Fire on Grand Street

16 Nov

When we visited Nyonya in early 2003, before the internet food site explosion, the Malaysian restaurant, though located in Little Italy a few doors from the great Di Palo Fine Foods, was still somewhat under the radar. At the time, it had a following, but nothing like it does now. It was our group’s first experience with Malaysian food and the unadulterated heat that distinguishes it.  We like unadulterated—heat or otherwise—so Malaysian food became one of our most repeated cuisines.

199 Grand Street
Little Italy

Zio confided that he had many options for our upcoming food destination, but the thought of crispy pork intestines, beef tripe noodle soup, fresh fish head cooked with lemon grass, and sooi pooi (sour plum) drink which Nyonya, the place he ultimately chose, offered, was too enticing for him to pass on. So all of us, Eugene excepted, who was on a Caribbean cruise and most likely at work on the unlimited buffet line, assembled in the bustling tiki-hut like restaurant in Chinatown. We were the few non-Asians in the restaurant; a very promising sign.

The menu was extensive and when not entranced by the bloated fish swimming in the tank behind our table, we had to concentrate on the task ahead: what to order. Crunch time came and all Zio could come up with after the promise of a variety of organ meats in coconut milk was the relatively conventional mango chicken. Eugene was probably experiencing more exotic fare on his cruise.  Zio’s selection was vociferously vetoed and after much urging switched to the more adventurous, kari ayam, described in the menu as chicken cooked over low heat with lemongrass and chili paste and simmered in thick rich coconut curry. Charlie stuck with chicken as well and gambled on the Hainanese chicken, steamed (room temperature) with a chef’s soy sauce. Gerry ordered the kang kung belacan, which translated meant sautéed “convolus” with spicy Malaysian shrimp paste sauce. We had to ask one of the dozen or so waitresses who were attending to our table for the translation of “convolus,” and were told that it was Malaysian string beans. Rick showed his fortitude by ordering cheng-lai stingray while I went with the comparatively mundane curry spareribs.



It wasn’t that the promise of gargantuan main courses was not enough for us. It was that Nyona’s appetizers looked much too good on paper to pass up. So we started with the so-called “Malaysian national dish,” roti canai, an Indian pancake with a curry chicken dipping sauce. Chicken satay and Poh Piah, a Malaysian spring roll stuffed with jicama and minced shrimp rounded out our first courses. To drink there was Chinese beer for most of us while Zio insisted instead on the fresh coconut juice. When his drink arrived in half a real coconut and a big straw, we wondered why the pink umbrella was missing.  Zio, oblivious as always, cradled the coconut in his hands and sucked the juice from the straw. We looked at him for a moment, savoring the absurd sight, and then went back to our beer.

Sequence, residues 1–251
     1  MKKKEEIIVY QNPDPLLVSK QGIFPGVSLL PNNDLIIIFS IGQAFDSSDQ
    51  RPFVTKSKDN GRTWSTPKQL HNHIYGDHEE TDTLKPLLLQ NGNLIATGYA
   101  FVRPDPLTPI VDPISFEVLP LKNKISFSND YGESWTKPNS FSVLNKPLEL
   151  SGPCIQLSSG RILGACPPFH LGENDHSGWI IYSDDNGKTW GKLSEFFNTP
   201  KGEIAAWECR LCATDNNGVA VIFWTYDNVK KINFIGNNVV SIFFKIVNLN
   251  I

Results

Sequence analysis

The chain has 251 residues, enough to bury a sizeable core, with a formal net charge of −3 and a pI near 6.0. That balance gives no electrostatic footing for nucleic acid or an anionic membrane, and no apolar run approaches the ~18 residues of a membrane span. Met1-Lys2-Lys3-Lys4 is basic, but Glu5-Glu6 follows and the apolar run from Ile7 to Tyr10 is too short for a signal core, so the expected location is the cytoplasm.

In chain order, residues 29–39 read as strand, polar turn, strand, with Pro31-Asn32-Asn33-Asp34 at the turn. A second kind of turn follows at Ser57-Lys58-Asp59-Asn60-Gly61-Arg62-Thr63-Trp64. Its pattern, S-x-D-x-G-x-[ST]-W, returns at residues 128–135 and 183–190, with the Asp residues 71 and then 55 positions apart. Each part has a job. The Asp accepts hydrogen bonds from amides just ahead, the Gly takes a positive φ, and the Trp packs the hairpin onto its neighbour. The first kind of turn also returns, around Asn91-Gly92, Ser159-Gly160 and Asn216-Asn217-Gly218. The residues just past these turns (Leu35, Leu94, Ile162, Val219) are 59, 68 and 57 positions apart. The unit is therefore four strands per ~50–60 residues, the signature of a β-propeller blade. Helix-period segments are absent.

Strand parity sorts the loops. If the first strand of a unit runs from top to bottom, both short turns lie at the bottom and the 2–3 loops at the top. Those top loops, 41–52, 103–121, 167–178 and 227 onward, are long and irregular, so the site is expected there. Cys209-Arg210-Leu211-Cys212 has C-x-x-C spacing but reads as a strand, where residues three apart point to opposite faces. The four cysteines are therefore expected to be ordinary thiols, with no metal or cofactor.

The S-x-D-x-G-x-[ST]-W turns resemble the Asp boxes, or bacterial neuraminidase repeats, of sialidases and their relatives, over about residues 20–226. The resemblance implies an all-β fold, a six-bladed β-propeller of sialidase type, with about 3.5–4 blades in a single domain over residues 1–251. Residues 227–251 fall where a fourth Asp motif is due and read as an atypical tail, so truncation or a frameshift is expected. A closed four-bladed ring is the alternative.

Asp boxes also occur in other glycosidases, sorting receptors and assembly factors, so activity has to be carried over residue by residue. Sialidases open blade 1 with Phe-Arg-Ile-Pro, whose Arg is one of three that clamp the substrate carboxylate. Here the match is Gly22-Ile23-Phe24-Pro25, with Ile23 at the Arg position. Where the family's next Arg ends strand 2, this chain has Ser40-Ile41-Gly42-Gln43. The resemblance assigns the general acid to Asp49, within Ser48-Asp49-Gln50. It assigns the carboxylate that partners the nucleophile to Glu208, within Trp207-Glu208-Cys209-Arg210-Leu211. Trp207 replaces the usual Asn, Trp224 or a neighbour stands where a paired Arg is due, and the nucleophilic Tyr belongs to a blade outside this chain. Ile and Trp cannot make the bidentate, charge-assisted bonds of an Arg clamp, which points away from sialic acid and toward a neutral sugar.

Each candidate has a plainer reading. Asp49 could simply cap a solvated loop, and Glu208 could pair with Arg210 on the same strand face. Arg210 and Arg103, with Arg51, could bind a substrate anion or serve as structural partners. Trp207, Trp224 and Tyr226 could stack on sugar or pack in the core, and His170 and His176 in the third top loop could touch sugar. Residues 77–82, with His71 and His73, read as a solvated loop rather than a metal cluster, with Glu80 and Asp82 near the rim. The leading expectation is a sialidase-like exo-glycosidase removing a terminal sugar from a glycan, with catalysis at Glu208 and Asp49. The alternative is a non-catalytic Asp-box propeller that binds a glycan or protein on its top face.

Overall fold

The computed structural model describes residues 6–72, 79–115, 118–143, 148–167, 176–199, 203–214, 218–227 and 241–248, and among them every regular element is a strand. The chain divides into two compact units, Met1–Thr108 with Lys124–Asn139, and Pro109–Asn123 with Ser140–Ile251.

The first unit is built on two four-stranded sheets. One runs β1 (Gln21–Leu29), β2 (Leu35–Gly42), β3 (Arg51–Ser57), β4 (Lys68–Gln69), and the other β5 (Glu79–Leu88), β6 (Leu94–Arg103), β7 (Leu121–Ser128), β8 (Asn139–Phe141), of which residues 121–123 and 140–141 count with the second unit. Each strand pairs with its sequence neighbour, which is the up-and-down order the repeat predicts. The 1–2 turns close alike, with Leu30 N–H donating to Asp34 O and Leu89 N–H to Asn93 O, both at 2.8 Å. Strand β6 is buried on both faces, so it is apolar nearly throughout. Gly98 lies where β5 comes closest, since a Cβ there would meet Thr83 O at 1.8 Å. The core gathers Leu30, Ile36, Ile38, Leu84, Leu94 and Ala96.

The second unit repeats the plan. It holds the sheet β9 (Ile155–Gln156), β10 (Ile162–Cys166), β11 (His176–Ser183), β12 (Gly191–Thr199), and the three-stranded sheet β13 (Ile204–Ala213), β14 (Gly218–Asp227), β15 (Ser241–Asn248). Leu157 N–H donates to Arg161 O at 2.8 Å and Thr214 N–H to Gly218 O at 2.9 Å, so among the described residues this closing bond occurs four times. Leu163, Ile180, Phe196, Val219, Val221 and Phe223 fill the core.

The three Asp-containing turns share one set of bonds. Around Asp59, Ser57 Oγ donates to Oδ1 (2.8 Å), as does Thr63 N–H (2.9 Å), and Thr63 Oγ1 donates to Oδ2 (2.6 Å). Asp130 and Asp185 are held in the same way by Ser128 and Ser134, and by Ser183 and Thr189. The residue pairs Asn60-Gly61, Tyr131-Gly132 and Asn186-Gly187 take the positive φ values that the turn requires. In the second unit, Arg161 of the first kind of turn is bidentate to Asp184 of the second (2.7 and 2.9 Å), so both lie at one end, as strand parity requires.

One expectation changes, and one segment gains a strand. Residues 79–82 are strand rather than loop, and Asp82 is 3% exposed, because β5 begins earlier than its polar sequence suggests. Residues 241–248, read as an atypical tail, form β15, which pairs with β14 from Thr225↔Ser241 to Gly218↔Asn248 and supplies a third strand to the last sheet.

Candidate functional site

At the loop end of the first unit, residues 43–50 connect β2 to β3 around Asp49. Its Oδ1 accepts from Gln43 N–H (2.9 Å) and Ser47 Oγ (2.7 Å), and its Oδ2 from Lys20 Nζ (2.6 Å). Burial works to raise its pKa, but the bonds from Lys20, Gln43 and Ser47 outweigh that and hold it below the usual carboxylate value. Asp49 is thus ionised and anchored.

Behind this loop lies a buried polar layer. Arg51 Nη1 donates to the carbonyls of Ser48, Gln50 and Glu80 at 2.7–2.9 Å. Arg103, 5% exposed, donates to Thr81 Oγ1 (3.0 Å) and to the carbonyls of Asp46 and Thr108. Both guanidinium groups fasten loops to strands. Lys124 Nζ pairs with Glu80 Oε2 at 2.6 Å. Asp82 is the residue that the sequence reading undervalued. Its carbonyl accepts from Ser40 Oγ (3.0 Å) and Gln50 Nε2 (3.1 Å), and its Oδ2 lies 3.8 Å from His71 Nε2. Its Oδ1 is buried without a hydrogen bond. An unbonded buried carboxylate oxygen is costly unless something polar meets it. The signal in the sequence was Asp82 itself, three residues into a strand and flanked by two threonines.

The parade of waitresses began piling the food on our table almost immediately and just as quickly we began to devour it, eating the roti canai with our hands, dipping it into the murky, but very tasty curry, pulling at the tender satay, and wondering over the jicama in the spring roll. Rick’s sting ray (a.k.a. skate) was the first entrée to arrive and we picked at the perfectly cooked flesh, dipping it into a fiery sauce. At Nyonya, fiery was the theme; the curry spareribs particularly sinus-clearing while Zio’s chicken, also very spicy and falling off the bone. In fact, all of the food, including the sautéed “convolus” which tasted nothing like string beans, wax beans, green beans or anything else we had previously encountered, was hot with the one exception of Charlie’s wan-looking “room temperature” chicken, which many at the table found unappealing; though Gerry and I thought it’s blandness was the perfect antidote to the heat in the other dishes.



We worked through all the food at the table with only a few pieces of the above-mentioned Hainanese chicken remaining—and no volunteers to take it home. Our stomachs bloated, no one even mentioned dessert…not even the usually insatiable Zio. In Eugene’s absence, I was left to do the math and after tip and including drinks, we came in one dollar over our $20 budget—meaning, excluding the drinks, that we actually came under budget.

A few years ago Nyonya moved across Grand Street to a shiny new space. It also branched out to Brooklyn with two locations. I’m not sure if now Nyonya would qualify for our group. Too popular. Really almost a chain with three branches in the city. But that is now, and the above was then and none of us had any complaints about what we experienced in 2003.

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